The CPS is a pro-Tory body established by Margaret Thatcher and Sir Keith Joseph in 1974 to assist in the Conservative Party’s policy of rolling back the welfare state. It is seeking to make hay at Labour’s expense, but is no means advocating a return to wealth redistribution.

On the contrary, the most privileged social layers are demanding that their own tax burden be further reduced. The highly paid journalists on the Times and Telegraph newspapers, for example, are promoting the fiction that the upper-middle-classes are paying above the rate of inflation on things like private school fees, council tax and energy costs. The super rich are also being unfairly penalised, they claim, because they spend more on luxury items like sports cars, mansions and other items whose prices are rising fastest.

Their arguments are based on the claim that the government has shifted from a retail price index (RPI) to a consumer price index (CPI) to measure inflation and set its tax and benefit levels. This excludes house prices, school fees, utility bills and such vital necessities as household servants, they complain.

Indicative of the type of bile directed against the working class is an article by Telegraph journalist and media adviser to the Conservative Party, George Trefgarne. He wrote, “So, if you are young and, say, wear tracksuits, live on benefits in a council house, scoff processed food and play computer games, inflation has indeed been non-existent in the past few years. But for middle-class people, who, yes, drink freshly squeezed OJ, and who buy their home and who pay school fees and, of course, taxes—or for older people who require expensive residential care—prices have been shooting up. Perhaps the CPI should stand for the Chav Price Index.”

In reality, the CPI does include house prices, utilities, school fees and servant costs and will also include university fees come the autumn. And whereas the government has switched to the CPI for calculations on inflation, it in fact still utilises the RPI when calculating taxes, benefits and pensions. The RPI includes luxury goods like champagne and private education fees, but these have actually risen at a slower rate than essentials like fuel and housing costs.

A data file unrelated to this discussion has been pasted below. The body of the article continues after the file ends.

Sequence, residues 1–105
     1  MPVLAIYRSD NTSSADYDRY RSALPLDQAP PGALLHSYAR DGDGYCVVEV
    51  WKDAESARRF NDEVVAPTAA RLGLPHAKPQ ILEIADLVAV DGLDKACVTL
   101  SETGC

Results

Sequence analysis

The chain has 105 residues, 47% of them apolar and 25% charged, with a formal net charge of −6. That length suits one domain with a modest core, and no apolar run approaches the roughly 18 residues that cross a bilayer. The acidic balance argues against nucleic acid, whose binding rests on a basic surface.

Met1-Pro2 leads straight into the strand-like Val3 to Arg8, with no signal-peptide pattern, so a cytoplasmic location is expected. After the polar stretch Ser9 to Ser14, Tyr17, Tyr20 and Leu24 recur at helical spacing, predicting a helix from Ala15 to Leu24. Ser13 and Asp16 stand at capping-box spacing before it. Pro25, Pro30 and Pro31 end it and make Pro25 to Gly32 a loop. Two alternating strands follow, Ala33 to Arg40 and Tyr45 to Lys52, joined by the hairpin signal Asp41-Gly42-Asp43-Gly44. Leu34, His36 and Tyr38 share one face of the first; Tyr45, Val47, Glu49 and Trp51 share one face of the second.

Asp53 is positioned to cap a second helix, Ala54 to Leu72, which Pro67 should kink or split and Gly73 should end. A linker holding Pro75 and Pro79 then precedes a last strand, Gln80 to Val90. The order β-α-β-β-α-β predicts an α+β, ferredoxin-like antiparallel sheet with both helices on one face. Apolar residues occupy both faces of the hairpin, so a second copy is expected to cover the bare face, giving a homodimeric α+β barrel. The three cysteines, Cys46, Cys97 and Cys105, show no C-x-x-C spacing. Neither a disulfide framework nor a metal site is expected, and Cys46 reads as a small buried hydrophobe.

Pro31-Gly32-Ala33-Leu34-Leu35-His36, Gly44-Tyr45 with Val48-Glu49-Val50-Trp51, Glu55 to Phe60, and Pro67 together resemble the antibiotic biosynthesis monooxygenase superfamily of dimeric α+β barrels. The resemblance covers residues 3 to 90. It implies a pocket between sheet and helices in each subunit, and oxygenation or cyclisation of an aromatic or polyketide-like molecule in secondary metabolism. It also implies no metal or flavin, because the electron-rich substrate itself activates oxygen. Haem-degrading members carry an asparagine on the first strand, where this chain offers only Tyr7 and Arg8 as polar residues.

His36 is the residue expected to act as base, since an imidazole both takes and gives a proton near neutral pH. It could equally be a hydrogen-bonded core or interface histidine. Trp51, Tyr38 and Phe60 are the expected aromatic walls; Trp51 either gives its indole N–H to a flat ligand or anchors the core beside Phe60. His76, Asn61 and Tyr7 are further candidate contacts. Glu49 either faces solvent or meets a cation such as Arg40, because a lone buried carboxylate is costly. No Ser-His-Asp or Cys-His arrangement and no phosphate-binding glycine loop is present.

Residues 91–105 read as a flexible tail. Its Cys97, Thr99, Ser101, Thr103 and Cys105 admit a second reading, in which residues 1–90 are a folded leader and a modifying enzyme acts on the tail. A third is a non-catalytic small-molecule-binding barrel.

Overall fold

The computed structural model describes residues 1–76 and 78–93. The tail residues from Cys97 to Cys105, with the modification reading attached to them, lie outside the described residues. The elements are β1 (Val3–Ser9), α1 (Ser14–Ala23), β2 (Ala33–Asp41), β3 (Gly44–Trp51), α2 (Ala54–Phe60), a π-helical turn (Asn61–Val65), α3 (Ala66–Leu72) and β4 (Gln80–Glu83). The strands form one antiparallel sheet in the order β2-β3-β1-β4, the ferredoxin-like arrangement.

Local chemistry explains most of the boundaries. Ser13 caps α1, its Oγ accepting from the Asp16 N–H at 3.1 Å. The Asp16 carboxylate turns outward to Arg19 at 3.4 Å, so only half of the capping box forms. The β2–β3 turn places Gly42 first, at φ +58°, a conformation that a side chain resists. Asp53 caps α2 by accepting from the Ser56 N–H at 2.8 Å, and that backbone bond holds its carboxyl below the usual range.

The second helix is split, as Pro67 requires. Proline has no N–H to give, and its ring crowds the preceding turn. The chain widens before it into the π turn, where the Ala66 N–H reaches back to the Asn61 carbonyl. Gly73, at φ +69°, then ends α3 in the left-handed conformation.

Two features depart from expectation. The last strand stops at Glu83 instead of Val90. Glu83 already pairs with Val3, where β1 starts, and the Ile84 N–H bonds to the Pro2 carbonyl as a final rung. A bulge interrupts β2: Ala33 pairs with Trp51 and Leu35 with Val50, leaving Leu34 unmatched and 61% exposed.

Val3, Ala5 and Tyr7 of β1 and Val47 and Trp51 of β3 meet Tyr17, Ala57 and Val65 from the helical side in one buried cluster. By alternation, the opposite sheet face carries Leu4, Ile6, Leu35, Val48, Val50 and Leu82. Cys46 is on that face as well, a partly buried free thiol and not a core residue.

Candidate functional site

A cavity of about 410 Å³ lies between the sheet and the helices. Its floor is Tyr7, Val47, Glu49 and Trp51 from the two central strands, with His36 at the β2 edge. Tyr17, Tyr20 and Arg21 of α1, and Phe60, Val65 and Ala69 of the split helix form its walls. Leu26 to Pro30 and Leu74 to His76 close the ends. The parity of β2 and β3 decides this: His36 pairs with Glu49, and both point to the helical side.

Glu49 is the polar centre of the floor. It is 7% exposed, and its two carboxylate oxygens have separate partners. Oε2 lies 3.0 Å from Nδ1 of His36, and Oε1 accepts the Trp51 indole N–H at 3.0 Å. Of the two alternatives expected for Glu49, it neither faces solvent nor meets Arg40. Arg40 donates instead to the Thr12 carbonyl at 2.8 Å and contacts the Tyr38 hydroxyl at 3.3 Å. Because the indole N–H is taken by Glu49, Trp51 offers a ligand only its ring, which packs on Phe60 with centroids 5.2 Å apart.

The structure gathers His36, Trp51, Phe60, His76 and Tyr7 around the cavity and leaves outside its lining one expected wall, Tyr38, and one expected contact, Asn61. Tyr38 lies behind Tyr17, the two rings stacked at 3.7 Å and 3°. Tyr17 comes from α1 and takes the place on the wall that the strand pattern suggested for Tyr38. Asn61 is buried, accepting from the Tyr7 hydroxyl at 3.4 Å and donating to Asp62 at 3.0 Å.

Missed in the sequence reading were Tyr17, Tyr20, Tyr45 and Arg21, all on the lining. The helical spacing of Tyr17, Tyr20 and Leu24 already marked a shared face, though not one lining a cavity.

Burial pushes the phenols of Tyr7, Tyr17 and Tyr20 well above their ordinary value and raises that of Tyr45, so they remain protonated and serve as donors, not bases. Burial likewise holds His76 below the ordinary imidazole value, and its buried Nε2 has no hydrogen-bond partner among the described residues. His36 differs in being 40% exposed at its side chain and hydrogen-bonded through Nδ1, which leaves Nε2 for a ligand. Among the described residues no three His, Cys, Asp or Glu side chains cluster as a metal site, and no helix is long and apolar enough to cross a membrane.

According to research carried out by John Hawksworth, chief economist at PricewaterhouseCoopers, it is the poorest section of the working class who have suffered most from the 29 percent increase in energy prices over the last year. This has disproportionately impacted on the poorest third of British households, which spend a greater proportion of their income on energy than the better-off.

Hawksworth has estimated the inflation rate suffered by ten income groups into which he divides the British population based on how they spend their money. Higher energy bills are the reason why since 2005 inflation has become more pronounced for the lowest four of his income groups. The poorest two deciles of British society actually pay higher rates of taxation than the richest 30 percent, mainly due to the proportion of the budgets of poorer families taken up by energy bills and, to a lesser extent, food costs.